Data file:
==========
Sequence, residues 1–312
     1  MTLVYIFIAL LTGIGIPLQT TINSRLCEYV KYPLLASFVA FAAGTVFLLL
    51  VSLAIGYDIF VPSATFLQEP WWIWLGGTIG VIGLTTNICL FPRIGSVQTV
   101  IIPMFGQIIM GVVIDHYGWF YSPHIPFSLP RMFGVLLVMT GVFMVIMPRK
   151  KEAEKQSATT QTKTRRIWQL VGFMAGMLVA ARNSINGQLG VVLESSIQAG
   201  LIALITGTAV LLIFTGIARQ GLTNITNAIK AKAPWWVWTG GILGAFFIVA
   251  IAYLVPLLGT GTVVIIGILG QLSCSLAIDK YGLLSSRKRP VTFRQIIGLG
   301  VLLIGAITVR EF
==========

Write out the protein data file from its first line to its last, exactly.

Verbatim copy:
Sequence, residues 1–312
     1  MTLVYIFIAL LTGIGIPLQT TINSRLCEYV KYPLLASFVA FAAGTVFLLL
    51  VSLAIGYDIF VPSATFLQEP WWIWLGGTIG VIGLTTNICL FPRIGSVQTV
   101  IIPMFGQIIM GVVIDHYGWF YSPHIPFSLP RMFGVLLVMT GVFMVIMPRK
   151  KEAEKQSATT QTKTRRIWQL VGFMAGMLVA ARNSINGQLG VVLESSIQAG
   201  LIALITGTAV LLIFTGIARQ GLTNITNAIK AKAPWWVWTG GILGAFFIVA
   251  IAYLVPLLGT GTVVIIGILG QLSCSLAIDK YGLLSSRKRP VTFRQIIGLG
   301  VLLIGAITVR EF